Most dual-leg pianos were reproducers, but not all. You (or your technician) should be able to tell by looking at the bellybracing and the bottom of the keybed. Modifications were made to bot to fit the reproducing mechanism.

The four numbers are case, or assembly numbers. As the piano works its way through the assembly process and different parts—lid, keycover, cheekblocks, etc.—are fitted to the rim they are all stamped with a four digit number so they can all be matched up later after finishing to form a complete assembly.

The piano serial number would be stamped on as one of the last steps prior to shipping the piano out. It is often located on the forward part of the frame (plate) between the bass and tenor sections. Sometimes it is stamped on the soundboard. It may have been painted over during some previous servicing or rebuilding work. If you can’t find it in any of these places ask your technician to look for it the next time the action is out of the piano. It is often written on the keyframe or on one of the keys.

ddf
_________________________
Delwin D Fandrich
Piano Research, Design & Manufacturing Consultant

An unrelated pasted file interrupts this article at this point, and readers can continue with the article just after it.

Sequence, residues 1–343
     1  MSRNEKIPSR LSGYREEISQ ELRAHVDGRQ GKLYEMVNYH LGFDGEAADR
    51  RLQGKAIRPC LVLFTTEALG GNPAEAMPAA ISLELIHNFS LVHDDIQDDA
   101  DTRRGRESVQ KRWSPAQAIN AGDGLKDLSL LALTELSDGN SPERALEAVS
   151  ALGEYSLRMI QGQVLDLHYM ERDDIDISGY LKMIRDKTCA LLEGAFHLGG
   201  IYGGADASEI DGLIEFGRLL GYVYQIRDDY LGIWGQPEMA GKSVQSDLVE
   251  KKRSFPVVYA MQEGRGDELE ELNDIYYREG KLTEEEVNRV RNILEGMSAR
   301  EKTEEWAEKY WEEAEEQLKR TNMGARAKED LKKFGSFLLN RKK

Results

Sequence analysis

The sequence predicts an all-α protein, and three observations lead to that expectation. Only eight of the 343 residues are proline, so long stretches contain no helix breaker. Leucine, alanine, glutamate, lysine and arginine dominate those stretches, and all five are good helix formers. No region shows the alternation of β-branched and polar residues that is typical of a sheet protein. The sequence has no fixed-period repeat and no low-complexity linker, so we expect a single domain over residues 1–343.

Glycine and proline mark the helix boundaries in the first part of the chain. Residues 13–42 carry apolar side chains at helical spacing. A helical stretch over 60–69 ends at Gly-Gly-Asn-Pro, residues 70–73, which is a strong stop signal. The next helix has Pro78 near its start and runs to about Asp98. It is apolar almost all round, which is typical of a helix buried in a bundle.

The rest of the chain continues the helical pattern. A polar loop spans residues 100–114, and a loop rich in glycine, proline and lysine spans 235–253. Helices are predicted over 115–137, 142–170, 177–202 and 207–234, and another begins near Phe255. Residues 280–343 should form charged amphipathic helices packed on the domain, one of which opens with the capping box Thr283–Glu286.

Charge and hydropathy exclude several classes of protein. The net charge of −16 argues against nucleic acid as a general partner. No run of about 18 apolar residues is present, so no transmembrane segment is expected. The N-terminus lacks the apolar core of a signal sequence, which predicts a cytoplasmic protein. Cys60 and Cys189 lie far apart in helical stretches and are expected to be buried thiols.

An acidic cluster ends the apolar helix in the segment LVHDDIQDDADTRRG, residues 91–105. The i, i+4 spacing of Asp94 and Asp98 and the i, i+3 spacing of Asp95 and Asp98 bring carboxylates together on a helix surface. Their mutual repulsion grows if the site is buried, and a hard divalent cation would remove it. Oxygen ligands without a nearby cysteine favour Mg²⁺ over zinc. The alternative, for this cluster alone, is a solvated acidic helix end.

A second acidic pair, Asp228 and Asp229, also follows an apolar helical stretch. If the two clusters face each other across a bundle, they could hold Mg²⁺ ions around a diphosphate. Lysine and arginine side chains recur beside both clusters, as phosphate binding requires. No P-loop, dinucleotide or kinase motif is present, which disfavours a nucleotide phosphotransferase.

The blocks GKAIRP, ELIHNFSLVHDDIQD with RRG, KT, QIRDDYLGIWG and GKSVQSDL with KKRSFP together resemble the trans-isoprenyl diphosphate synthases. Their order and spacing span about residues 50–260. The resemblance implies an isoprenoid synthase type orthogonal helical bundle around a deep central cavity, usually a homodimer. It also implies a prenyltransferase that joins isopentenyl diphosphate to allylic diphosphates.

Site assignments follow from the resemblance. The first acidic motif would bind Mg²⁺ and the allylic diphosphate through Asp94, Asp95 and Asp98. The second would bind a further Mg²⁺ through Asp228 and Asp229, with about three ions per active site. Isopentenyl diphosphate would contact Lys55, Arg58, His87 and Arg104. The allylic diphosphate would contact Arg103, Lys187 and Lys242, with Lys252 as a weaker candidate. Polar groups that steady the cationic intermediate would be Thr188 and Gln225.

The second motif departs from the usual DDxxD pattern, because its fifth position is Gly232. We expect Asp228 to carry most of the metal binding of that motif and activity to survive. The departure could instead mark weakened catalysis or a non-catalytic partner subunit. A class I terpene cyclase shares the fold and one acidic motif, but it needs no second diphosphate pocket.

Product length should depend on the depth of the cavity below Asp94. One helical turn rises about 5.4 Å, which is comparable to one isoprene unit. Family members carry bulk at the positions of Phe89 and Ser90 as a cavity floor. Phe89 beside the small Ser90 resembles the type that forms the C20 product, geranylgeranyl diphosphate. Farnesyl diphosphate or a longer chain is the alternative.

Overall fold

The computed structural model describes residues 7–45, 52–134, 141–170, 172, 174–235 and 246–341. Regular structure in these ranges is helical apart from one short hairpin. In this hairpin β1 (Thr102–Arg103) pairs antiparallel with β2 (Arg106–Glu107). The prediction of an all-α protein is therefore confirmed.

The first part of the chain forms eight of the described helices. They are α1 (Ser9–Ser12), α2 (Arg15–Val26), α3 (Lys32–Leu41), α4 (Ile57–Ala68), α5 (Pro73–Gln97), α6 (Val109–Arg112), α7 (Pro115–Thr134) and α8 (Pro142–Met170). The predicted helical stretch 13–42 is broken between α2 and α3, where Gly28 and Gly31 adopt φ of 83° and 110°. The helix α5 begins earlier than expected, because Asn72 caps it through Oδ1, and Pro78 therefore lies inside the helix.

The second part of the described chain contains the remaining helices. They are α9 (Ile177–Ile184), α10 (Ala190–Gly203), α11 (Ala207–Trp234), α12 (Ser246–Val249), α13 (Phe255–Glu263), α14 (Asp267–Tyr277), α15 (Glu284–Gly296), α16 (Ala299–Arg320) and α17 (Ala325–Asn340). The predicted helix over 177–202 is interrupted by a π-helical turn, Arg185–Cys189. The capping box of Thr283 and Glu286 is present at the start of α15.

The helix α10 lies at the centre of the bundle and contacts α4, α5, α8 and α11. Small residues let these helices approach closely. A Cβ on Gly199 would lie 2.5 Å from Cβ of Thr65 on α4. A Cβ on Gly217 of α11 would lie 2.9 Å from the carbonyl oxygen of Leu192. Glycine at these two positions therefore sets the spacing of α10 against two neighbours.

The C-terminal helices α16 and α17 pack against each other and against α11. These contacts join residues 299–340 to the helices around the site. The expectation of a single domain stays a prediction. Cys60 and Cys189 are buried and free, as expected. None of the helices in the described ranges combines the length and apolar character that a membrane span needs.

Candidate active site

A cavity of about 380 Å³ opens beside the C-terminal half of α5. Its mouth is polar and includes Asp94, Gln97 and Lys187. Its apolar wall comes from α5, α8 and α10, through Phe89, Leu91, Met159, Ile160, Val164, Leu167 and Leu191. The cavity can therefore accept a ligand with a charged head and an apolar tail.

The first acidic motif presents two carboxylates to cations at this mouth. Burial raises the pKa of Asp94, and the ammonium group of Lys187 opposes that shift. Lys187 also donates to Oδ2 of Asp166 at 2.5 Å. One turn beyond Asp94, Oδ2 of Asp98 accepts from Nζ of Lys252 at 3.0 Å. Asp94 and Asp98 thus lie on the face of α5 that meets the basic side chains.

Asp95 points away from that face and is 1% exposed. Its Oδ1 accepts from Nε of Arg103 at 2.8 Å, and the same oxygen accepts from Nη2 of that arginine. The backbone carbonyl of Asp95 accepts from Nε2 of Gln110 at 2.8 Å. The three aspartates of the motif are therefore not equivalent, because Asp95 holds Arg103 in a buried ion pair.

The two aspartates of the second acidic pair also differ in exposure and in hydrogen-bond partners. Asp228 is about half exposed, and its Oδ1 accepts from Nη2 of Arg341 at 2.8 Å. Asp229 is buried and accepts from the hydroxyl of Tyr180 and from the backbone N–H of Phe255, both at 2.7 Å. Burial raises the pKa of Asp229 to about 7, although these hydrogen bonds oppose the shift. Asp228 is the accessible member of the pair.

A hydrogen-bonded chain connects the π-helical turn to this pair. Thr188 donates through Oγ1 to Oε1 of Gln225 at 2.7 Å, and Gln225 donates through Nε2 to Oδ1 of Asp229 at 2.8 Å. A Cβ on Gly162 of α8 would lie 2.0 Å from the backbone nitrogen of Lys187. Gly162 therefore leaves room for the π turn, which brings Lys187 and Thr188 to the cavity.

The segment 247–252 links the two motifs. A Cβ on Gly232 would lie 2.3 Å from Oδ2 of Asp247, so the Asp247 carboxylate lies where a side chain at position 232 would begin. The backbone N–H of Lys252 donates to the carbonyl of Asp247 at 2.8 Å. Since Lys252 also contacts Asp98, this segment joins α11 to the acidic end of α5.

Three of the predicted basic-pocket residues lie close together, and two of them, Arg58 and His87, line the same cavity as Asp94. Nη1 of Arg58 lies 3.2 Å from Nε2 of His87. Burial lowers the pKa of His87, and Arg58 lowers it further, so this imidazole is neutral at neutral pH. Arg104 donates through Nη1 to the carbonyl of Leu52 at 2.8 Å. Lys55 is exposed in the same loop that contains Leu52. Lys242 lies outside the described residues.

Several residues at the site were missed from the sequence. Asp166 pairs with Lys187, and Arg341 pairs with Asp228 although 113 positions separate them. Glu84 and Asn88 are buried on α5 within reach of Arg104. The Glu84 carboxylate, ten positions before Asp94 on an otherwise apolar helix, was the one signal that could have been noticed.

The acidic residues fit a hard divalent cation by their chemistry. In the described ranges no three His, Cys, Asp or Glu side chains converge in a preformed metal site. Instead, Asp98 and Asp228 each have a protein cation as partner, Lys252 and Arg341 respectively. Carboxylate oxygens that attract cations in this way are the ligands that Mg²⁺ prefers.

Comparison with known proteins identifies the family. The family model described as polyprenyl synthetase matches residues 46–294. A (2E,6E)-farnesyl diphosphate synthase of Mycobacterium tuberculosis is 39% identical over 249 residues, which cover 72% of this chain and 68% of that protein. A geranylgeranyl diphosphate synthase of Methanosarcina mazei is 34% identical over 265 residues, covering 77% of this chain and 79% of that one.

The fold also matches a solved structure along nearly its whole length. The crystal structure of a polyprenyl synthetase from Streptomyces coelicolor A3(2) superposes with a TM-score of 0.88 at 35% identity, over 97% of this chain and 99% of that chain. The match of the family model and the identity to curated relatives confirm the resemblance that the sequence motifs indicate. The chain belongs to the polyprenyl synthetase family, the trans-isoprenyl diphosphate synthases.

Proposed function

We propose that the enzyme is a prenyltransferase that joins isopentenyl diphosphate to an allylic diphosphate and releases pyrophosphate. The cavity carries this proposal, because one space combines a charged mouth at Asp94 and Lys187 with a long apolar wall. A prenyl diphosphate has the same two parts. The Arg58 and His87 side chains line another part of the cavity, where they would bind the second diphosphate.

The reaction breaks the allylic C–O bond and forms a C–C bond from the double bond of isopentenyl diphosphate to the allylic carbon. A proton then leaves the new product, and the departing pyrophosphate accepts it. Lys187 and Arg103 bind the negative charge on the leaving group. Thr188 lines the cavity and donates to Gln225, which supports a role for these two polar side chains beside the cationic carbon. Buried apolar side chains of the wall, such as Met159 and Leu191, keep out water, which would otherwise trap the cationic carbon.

ddfandrich@gmail.com
(To contact me privately please use this e-mail address.)

Stupidity is a rare condition, ignorance is a common choice. --Anon

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#2007763 - 01/02/13 12:57 AM Re: Not so well known grands [Re: HalfStep]
HalfStep Offline
Full Member

Registered: 02/25/11
Posts: 224
Loc: Boston, MA
He and I both, assume it was painted over. I even took off the key slip thinking it might be there and it wasn't. I guess, for this piano, it doesn't matter. We love her nonetheless smile I am just thankful, my first acoustic purchase was been rewarding. I feel fortunate. I am sure the next purchase will be far more researched. However, it is true when posters here suggest you will know the piano that will suit you after playing it. I must be three hours ahead of your time but I feel like playing smile